Two daredevils, who scaled San Francisco’s iconic Golden Gate Bridge and filmed the April stunt in a video that went viral, have been slapped with a lawsuit.
Peter Kurer — aka Peter Teatime — and Thomas Rector, both of Wisconsin, clambered up all 500 feet of one of the Golden Gate Bridge's towers.
The duo dangled off the tower's ledge with only their fingertips latched onto the thin railing, pulled off a couple somersaults and even snapped a selfie shot while standing on top of the tower's highest point.
But their adventurous climb caught on camera wasn't designed to simply capture a picturesque view. They wanted their stomach-churning video to drive traffic to their YouTube channel.
And that's part of the reason Teatime and Rector are now in trouble, according to the Golden Gate Bridge district, which sued them.
“‘Peter Teatime’ and his associate Rector senselessly put the lives of themselves and others in serious jeopardy to exploit the San Francisco Bay Area’s most iconic landmark for their own publicity, expand their own Internet and social media presence, and achieve fame and, relatedly, monetary profit,” Kimon Manolius, a lawyer for the bridge district, told the Marin Independent Journal.
Bridge district officials are seeking to bar the thrill-seekers from disseminating their video, which has now been licensed for commercial use, and seek unspecified damages and legal costs, according to the newspaper.
“In media interviews, Kurer has not only candidly admitted to these crimes, but brags about his stunts, as well as his expertise in circumventing sensors, security cameras, and safety mechanisms,” Manolius wrote, per the Marin Independent Journal.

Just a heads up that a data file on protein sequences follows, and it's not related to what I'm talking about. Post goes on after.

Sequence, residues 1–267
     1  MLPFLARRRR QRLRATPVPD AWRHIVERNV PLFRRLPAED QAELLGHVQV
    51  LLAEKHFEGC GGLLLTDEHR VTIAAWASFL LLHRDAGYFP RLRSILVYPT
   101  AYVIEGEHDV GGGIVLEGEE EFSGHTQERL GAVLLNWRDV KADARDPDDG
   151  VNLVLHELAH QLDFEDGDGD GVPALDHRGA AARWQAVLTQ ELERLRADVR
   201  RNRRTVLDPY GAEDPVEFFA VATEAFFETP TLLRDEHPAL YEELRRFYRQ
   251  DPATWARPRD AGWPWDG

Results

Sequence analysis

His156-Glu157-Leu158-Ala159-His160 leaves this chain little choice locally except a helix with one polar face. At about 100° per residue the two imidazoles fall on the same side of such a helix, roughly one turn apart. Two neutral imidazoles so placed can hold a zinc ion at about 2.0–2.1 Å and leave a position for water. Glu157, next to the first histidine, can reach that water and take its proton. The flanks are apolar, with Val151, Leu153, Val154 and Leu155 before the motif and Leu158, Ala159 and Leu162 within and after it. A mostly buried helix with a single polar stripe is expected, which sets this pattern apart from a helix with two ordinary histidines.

The publication also reported that the California Highway Patrol has asked the Marin County District Attorney’s Office to file misdemeanor trespassing charges against the stunt team.
After climbing the world famous landmark, Kurer said, "It was super breathtaking. One of the most incredible things I have ever seen. It's pretty miraculous up there."
Teatime, who describes himself as being a "really curious person," said he has been climbing buildings all over the globe for several years. To most, ascending the Golden Gate Bridge would seem like an illegal and daunting task. To Teatime, it was just another climb on his list.
"To us, it's not nerve-racking," he said. "You kind of just clear your mind and you're in the moment."
The death-defying adventure was not taken lightly by the Golden Gate Bridge, Highway and Transportation District.
"The Golden Gate Bridge isn’t a playground," spokesperson Priya David Clemens said in a statement in April. "It’s a vital Bay Area transportation artery and a symbol of our community. These climbers’ reckless actions could have caused immeasurable harm to those driving below."
Kurer isn't worried about any repercussions. He said he respects those who patrol the bridge and purposely dangled late at night to avoid a potential accident with busy traffic below during the daytime hours. He also pointed out that he and his friend did not harm anyone or damage any property.
"It's a pretty innocent thing," Kurer said.
If anything, the teen welcomes a conversation with authorities, saying that he's willing to point out flaws in the bridge's security system.
Clemens admitted that the daredevils' adventure "did not trigger any alarms, so the Golden Gate Bridge District's patrol was not aware of the activity at the time."
Climbing on the bridge is a misdemeanor under state law, according to Clemens. The last time someone conducted a similar incident was four years ago, and the individual involved lost their job and was added to the no-fly list.
Jail time and a fine would be possible if the pair was found guilty.
Days after capping the pulse-pounding stunt with a brisk shuffle back to solid ground, Kurer summed up the experience in five words.
"Craziest experience of my life," he said.
NBC Bay Area's Mark Matthews and Jean Elle contributed to this report.